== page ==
View Full Version : Recovering a 3D cube from its 2D projection.

05-15-2004, 10:52 AM
Can anyone help me with the algorithm or equations needed for my problem:

I start with a photo of a wooden cube on a flat surface. Through various image processing I am able to find out the 2D coordinates of the cube's 6 outside vertices (assuming the 7th visible one cannot be recovered due to textures on the cube). Now from this set of 6 points and knowing the length of the cube's side, I'm to construct a 3D model of the photo (basically a mesh of the cube).

I understand I have to somehow find the coordinates of the camera respective to the cube, but I am at a loss with the math.

I know I will come up with two possible results (as I can't tell which of the two vertices not in the outline is closer to the camera), but that is not a problem.

05-18-2004, 10:41 PM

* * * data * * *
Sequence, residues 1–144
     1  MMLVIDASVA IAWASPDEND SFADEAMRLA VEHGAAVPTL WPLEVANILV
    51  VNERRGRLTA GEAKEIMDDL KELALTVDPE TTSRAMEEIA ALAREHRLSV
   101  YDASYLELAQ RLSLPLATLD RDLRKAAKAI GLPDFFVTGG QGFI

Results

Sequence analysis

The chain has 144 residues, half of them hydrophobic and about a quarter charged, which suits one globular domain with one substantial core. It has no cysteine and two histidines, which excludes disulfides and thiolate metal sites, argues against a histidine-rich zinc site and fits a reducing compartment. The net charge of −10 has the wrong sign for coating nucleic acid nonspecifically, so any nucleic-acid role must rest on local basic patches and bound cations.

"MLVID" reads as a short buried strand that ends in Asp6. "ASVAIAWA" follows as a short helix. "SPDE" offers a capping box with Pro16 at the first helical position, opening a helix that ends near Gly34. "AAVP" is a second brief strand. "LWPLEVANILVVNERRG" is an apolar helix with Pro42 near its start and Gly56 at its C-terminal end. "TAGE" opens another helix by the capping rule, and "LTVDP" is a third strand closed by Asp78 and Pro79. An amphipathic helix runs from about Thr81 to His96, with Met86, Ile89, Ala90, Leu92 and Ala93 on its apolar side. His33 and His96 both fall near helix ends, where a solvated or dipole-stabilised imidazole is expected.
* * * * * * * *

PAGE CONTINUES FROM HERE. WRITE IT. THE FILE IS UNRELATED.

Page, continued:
O.K., this is a great question, and if you have any other work you do with this, please let me know, I am interested. So far, you have the fact that the object has no left or right rotation, so basically not only the 7th point is covered by the texture but also the 7th absolute point |-7|, if there is a shift at the bottom, than it's obvious that |-7| is at least true, otherwise it can be dropped as a texture error with good certainty. One idea is if it's layered like Canoma, than object referencing can tell you whehter it's close to another solid object allowing you to use a lighting algorithm to determine if it's a left or right shift. If it's in free space and a single object, you can use a textured ligthing algorithm which is as follows. The abs value -7 left or 7 right in reference to the distance of 2 points from the closest two points would lead to an absolute average in up and down or vertical axis. The idea is, that if that determines the answer to the problem it's the same as looking through a wireframe cube with quad view and it's always shifted one way or another, which is why most people stare at a cube for a long time trying to figure out where the opening is :) . So its a 50/50 percent correct answer but it's absolutely logically correct. Now you can guess why that's good for photographs. Since you can always tell what's relative left or right, you can pick what 50/50 side is the correct translation. except, the same problem will become noticeable when the software reaches another mirrored layer. Once again layering is good since you can re-process after visual inspection if it's used for very accurate work.